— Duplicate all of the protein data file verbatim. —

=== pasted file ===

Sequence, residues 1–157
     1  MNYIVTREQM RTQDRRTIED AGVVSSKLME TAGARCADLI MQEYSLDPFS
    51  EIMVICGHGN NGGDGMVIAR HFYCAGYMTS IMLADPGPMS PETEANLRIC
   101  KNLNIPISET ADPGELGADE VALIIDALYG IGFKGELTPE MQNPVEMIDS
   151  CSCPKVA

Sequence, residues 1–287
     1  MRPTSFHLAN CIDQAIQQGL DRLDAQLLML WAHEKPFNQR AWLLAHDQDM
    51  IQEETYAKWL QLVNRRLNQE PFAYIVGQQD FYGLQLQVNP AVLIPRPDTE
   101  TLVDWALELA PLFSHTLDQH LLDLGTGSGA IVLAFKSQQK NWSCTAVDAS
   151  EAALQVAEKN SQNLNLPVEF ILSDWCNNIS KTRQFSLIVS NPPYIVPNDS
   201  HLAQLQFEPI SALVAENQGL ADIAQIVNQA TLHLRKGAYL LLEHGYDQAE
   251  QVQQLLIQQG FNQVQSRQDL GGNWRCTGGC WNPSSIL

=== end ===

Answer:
Sequence, residues 1–157
     1  MNYIVTREQM RTQDRRTIED AGVVSSKLME TAGARCADLI MQEYSLDPFS
    51  EIMVICGHGN NGGDGMVIAR HFYCAGYMTS IMLADPGPMS PETEANLRIC
   101  KNLNIPISET ADPGELGADE VALIIDALYG IGFKGELTPE MQNPVEMIDS
   151  CSCPKVA

Sequence, residues 1–287
     1  MRPTSFHLAN CIDQAIQQGL DRLDAQLLML WAHEKPFNQR AWLLAHDQDM
    51  IQEETYAKWL QLVNRRLNQE PFAYIVGQQD FYGLQLQVNP AVLIPRPDTE
   101  TLVDWALELA PLFSHTLDQH LLDLGTGSGA IVLAFKSQQK NWSCTAVDAS
   151  EAALQVAEKN SQNLNLPVEF ILSDWCNNIS KTRQFSLIVS NPPYIVPNDS
   201  HLAQLQFEPI SALVAENQGL ADIAQIVNQA TLHLRKGAYL LLEHGYDQAE
   251  QVQQLLIQQG FNQVQSRQDL GGNWRCTGGC WNPSSIL